23 If you have decided to include multiple categories of vehicles in your baseline database (as mentioned in Section 2 above, e.g. LDV, heavy duty etc), this will allow the generation of distributions of sales by vehicle class and the average fuel economy in each class. This can be very helpful in tracking how sales and fuel economy changes in the future, and for comparing to other countries. Finally, fuel economy can be compared to attributes such as vehicle size, weight, or engine power, to see how these attributes relate. This can help in establishing different vehicle standards by weight or size class. For a global comparison of your country s figures for base year 2005 and onwards, contact the GFEI for support on your baseline-setting exercise and for guidance on methodology issues at clean.transport[at]unep.org. 5. Resources The following sources of information for fuel economy baselines, conversion tools and downloads can assist in the development of your baseline database: A Test Cycle Conversion Tool: A global comparison of Vehicle Fuel Economy Standards: South African Comparative Passenger Car Fuel Economy AND CO2 Emissions Data: UNEP Vehicle Fuel Efficiency Baselines: Practicalities and Results Global Fuel Economy Initiative in Africa, Working Session, November Summary and Country Case Study Presentations: U.S. Light-Duty Automotive Technology, Carbon Dioxide Emissions, and Fuel Economy Trends (1975 through 2010): Page 23 of 28

24 U.S. Fuel Economy Policy: U.S. Fuel Economy Regulations: U.S. Auto Fuel Economy Database: Page 24 of 28

25 Annex II Table 5: Data Capture Form Vehicle category Cars New/newl y registered Type & registration Used/newl y registered Used/not newly registere d Identificatio n number Mak e Mod el Mod el year petr ol Fuel type dies el Engin e type Engin e size (cc) Transmissio n type Bod y type privat e Use of vehicle For hir e PS V Mileage (odomet er reading) Emissions certificatio n level Rated fuel efficienc y 7 Minivans Pickup trucks Delivery vans Commerci al vehicle 7 Grams per mile (g/mi) CO2 emissions and miles per gallon (mpg) Page 25 of 28

26 Table 6: General Procedures - Conversions Step 1 Calculate test cycle conversion factor (CF), using Table A Step 2 Convert from original test cycle to target test cycle with the same metric (e.g., convert from CAFÉ mpg to NEDC mpg), using Table A Step 3 Convert from original metric to target metric using Table B. If the conversion is between a fuel economy metric (such as mpg or km/l) and a CO2 metric, use fuel CO2 content factors i Table A: Test Cycle Conversion Source (X) Target (Y) A B Calculate Conversion Factor Calculate Target CAFÉ mpg NEDC mpg CF = A*ln(X)+B Y=X/CF NEDC mpg CAFÉ mpg CF = A*ln(X)+B Y=X/CF JC08 km/l NEDC km/l CF = A*ln(X)+B Y=X*CF JC08 km/l CAFÉ km/l CF = A*ln(X)+B Y=X*CF Table B: Unit Conversion Original Target gallon liter mile km lb gram Km Miles km/l mpg 2.35 Table C: CO2 g/km calculator (Apply after test cycle conversion) Country Ori. Unit Target Unit Petrol Diesel LPG CNG Calculate target US mpg g/km dividend Japan km/l g/km dividend China L/100-km g/km multiplier CO2 content factor of fuels Page 26 of 28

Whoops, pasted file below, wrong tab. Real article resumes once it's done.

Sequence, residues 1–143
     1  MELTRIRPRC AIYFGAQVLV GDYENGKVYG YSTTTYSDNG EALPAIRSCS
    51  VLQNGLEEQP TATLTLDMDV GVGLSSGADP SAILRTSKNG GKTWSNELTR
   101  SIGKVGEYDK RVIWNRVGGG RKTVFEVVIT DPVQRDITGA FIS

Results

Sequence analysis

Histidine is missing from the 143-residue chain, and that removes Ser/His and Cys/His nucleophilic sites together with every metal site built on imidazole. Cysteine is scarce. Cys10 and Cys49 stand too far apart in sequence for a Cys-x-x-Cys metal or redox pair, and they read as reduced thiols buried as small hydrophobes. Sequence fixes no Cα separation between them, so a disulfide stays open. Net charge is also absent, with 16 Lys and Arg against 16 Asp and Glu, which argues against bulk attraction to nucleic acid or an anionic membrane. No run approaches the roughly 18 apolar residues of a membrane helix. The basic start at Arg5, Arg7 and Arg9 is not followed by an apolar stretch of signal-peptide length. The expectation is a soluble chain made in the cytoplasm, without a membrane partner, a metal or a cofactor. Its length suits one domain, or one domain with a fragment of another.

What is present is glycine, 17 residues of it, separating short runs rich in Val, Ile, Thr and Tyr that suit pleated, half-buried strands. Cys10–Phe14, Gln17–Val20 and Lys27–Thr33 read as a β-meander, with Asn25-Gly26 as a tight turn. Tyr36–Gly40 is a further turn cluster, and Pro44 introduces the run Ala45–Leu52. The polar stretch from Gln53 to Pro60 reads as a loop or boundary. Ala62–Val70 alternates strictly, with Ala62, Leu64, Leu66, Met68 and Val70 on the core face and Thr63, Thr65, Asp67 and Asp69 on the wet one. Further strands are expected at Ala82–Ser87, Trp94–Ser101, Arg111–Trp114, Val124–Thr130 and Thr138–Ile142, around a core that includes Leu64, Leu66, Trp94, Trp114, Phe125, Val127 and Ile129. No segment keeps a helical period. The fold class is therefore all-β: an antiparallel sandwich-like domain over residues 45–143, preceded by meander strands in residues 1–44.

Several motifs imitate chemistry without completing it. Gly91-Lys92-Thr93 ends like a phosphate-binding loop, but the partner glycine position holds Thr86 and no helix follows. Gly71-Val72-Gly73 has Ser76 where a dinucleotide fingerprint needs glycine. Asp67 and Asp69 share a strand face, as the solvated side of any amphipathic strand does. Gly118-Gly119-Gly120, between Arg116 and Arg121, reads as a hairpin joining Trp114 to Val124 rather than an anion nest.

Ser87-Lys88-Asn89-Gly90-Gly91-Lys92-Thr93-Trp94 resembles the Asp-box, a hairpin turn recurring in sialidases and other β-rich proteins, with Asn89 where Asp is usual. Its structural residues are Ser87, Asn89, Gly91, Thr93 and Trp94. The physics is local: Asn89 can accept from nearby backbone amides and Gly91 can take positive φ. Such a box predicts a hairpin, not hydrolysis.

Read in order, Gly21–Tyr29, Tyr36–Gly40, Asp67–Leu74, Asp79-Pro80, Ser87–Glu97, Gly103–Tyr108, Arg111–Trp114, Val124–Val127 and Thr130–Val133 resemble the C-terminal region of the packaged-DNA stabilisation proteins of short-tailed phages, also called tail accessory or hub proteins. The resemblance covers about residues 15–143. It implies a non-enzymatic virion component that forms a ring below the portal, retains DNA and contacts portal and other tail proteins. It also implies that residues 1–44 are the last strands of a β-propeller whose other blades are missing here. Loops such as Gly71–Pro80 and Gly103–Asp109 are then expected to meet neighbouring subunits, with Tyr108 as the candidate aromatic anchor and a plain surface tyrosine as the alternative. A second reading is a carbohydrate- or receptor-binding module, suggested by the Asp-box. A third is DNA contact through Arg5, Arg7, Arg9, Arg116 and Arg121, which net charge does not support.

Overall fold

27 Petrol Diesel LPG CNG lb/gal gram/l Examples 1. Convert 25 CAFÉ mpg to NEDC g/km Step 1 CF= *ln(25)+1.473=1.14 Step 2 NEDC mpg = CAFÉ mpg/cf = 25/1.14=21.9 mpg Step 3 NEDC gco2/km = (CO2 content factor)/nedc mpg For petrol vehicles NEDC gco2/km=$d$23/mpg=5497/21.9=251 gco2/km For diesel vehicle NEDC gco2/km = $E$23/mpg=6315/21.9=288 gco2/km 2. Convert 250 NEDC gco2/km to NEDC l/100-km Step 1 No test cycle conversion is needed Step 2 No test cycle conversion is needed Step 3 NEDC l/100-km = (NEDC gco2/km)/$b$19*100=250/2338.6*100=10.7 l/100-km Page 27 of 28

28 Endnotes i Automobile fuel economy standards can take many forms, including numeric standards based on vehicle fuel consumption (such as liters of gasoline per hundred kilometers of travel [L/100- km]) or fuel economy (such as kilometers per liter [km/l]) or as miles per gallon [mpg]). Automobile GHG emission standards (expressed as grams per kilometer or grams per mile), even though they are not designed to directly control oil consumption, also affect vehicle fuel consumption. ii Registration data is usually collected by national governments as part of the system of regulation and taxation of vehicle ownership within countries. Official new vehicle registration data typically includes detail about each vehicle, such as its specific make, model, and configuration (e.g., fuel type, transmission type, engine displacement, etc.). iii For example, data available at KBS was found to be too general (though very easily accessible from the agency s Website) as it only contained the general (aggregated) statistics compiled by the Bureau as sent to them by the KRA Registrar of Motor Vehicles Office. This was data on the total numbers of vehicles that are registered per month and/or per year and only broken down to categories such as car, vans, trucks, etc. Page 28 of 28